In Round 1, the professional memory diagnostics from Ultra-X were finalists, as was the surprisingly robust freeware utility called MemTest86. This time, there are five new contenders and an even more difficult set of tests.
The first benchmarks I would like to look at are the eTesting Labs (formerly Ziff-Davis Benchmark Operation, or ZDBOp) Winstone benchmarks, specifically Business Winstone 2001 and Content Creation Winstone 2001. These are amongst the most widely used performance measurement tools, primarily because they are free, run under Windows, and are easily installed and used. ZDBOp used to also offer a subcription publication, called “Benchmark Insider”, which provided quite a few details about the design and implementation of their benchmarks, but the subscription fee of $235/yr seems to have discouraged all but the most serious benchmarking professionals. Based upon discussions with a few other publications, it is likely that only the largest actually subscribed (and the Ziff-Davis Media publications likely received theirs for free).
I had intended my next article in this column to be a look at the Winstone benchmarks (which is in the works), however the news and reaction to the SysMark 2001 ‘bug’ caught my attention. Essentially, SysMark 2001 has an inherent problem that seemingly puts the Athlon XP, Athlon MP and Duron (w/Morgan core) processors at a disadvantage in the benchmark. It turns out that Windows Media Encoder 7, which is used in the benchmark, checks specifically for the CPUID string of ‘GenuineIntel’ in order to determine if it should use the SSE instruction path or not (just as we thought developers had learned their lesson about such things).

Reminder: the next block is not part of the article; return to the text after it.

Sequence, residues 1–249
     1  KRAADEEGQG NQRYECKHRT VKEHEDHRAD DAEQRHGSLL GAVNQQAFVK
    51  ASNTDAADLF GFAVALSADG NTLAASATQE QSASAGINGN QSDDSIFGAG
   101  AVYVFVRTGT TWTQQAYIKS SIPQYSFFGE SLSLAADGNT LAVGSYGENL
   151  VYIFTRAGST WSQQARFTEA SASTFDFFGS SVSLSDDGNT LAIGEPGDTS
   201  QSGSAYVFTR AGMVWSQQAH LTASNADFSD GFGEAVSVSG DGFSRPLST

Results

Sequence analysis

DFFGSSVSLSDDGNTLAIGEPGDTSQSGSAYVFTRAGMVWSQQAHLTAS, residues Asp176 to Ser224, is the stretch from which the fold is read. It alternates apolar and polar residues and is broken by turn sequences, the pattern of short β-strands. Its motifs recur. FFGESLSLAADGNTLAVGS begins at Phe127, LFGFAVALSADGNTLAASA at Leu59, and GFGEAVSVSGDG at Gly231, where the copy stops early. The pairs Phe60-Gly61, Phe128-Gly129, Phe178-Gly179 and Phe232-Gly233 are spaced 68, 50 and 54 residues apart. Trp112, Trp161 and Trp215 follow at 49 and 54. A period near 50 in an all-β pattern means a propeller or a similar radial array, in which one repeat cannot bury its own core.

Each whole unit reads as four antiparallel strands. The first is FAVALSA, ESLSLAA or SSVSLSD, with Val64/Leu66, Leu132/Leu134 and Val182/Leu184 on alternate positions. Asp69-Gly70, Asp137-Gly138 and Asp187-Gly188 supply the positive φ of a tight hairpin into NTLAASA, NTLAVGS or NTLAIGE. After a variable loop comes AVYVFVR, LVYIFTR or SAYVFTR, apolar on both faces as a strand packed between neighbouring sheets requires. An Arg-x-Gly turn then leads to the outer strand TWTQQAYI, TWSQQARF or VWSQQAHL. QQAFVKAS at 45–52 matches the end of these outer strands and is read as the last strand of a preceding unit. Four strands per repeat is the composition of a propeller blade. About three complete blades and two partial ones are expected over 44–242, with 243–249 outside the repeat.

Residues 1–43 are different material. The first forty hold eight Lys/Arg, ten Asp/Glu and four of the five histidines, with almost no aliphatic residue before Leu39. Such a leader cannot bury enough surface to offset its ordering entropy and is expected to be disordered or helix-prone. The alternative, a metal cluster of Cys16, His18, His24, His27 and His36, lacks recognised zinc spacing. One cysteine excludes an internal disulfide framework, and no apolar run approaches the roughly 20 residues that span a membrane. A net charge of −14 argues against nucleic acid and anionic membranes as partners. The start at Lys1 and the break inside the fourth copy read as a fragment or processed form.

A look at how hard disks and system file configuration affects performance on a Windows system.
This is the first of what I intend to be a series of articles on benchmarking, benchmarking issues and benchmarks themselves. I will attempt to perform evaluations, talk with experts and manufacturers, and provide whatever information I can about the benchmarking industry and the various tools and techniques used, not only in computer publications, but within the industry itself. I don’t expect to uncover any subversive plots or present any shocking revelations, but I do expect to learn and present useful information and methods for testing and interpreting benchmark results from various products. I also hope that reviewers and industry professionals will take interest and provide their own views and feedback that I can incorporate into future articles.
A short analysis of the Intel roadmap updates for 2001, and what they might reveal about the ongoing battle with AMD.